Libyan army, militias clash in Benghazi

At least nine people are killed and dozens injured as country struggles to curb armed groups

A member of the Libyan army fires at fighters from the armed group Ansar al-Sharia during a clash in the Ras Obeida area of Benghazi on Nov. 25, 2013.
Esam Omran Al-Fetori/Reuters

Clashes between Libyan troops and an armed group in the eastern city of Benghazi have killed at least nine people and wounded at least 47 during a military operation, the Interior Ministry said.

The Libyan army on Monday declared a state of alert in Benghazi and summoned all troops to report for duty after a battle with Ansar al-Sharia fighters erupted.

Gunfire and explosions could be heard and thick smoke rose from the Ras Obeida area of the city. The army ordered residents to stay off the streets, witnesses told the AFP news agency.

Fighting broke out when an army special forces unit chased a suspect into an area where Ansar al-Sharia operates its own checkpoints, city security officials said. the group was blamed for the attack on the U.S. consulate in Benghazi a year ago when Ambassador Christopher Stevens and three other Americans were killed.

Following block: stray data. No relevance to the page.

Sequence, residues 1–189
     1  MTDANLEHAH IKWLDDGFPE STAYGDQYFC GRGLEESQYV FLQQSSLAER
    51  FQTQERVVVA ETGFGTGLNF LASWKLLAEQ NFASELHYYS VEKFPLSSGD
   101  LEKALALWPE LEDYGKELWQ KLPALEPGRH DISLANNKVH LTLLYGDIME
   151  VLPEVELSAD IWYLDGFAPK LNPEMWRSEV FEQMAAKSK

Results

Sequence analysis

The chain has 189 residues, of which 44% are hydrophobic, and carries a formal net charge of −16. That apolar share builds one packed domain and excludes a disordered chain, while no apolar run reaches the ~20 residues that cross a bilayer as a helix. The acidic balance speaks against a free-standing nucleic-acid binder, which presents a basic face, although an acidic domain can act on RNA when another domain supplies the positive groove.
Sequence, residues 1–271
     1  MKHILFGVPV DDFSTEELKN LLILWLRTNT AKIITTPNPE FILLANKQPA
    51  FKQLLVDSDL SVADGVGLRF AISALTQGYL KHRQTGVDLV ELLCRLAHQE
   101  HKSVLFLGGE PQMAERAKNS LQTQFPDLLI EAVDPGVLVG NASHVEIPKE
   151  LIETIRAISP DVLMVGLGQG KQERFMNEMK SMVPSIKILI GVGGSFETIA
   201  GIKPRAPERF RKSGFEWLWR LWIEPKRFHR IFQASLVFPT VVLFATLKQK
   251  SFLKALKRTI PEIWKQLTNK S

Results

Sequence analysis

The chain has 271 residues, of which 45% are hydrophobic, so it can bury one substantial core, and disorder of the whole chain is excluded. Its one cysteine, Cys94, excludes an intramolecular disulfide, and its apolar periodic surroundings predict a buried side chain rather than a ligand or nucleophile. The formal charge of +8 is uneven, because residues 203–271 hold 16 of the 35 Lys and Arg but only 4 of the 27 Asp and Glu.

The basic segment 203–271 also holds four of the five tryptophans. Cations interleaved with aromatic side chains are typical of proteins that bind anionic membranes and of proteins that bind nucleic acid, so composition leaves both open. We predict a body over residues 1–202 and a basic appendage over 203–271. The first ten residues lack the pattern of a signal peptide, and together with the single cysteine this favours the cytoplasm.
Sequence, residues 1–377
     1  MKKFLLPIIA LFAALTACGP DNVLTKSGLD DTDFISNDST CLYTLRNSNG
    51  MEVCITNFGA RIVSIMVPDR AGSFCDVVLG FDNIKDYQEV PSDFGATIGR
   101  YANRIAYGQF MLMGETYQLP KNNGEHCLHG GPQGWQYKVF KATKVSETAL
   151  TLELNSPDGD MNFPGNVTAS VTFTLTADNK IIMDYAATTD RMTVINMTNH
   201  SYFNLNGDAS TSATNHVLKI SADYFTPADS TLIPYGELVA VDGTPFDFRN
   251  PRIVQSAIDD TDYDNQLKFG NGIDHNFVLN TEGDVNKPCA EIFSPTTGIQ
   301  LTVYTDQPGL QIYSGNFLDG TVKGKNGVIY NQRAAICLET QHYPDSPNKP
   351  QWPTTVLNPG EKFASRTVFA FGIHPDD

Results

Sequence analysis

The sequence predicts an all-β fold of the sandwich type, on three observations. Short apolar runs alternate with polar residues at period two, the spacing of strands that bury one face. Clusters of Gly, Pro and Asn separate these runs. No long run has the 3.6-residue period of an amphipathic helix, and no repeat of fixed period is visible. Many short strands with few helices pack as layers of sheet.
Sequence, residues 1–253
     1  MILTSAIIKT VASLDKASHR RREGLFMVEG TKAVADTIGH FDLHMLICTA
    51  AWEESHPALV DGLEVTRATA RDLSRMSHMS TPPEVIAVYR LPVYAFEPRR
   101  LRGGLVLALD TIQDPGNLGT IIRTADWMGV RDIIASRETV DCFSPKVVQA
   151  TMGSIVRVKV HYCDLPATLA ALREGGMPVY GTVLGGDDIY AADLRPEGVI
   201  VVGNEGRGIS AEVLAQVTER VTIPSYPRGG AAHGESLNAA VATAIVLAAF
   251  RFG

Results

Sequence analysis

Rival militia groups withdrew from Tripoli last week after clashes killed more than 40 people when protesters marched to one of the fighters' bases to demand they leave the capital.

Militia defiance

The clashes came as U.S. Secretary of State John Kerry and British Foreign Secretary William Hague met in London with Libyan Prime Minister Ali Zeidan, who was briefly abducted in Tripoli last month by Ansar al-Sharia.

Kerry said after the meeting that the U.S. and Britain would continue to support Libya, after weeks of violence in the country.

"The prime minister informed us of a transformation that he believes is beginning to take place and could take place because the people of Libya have spoken out and pushed back against the militias," Kerry said.

"So this is a moment of opportunity where there's a great deal of economic challenge, there's a great deal of security challenge."

The government has hired some of Libya's armed groups to provide security, but they remain loyal to their commanders or tribes and often clash in disputes over territory or personal feuds.

The Libyan government has struggled to restore order as fighters, most of whom were among the rebels who fought in the war that toppled Muammar Gaddafi in 2011, have defied the new military's attempts to disarm them.

Wire services

Related News


Find Al Jazeera America on your TV

Get email updates from Al Jazeera America

Sign up for our weekly newsletter



Get email updates from Al Jazeera America

Sign up for our weekly newsletter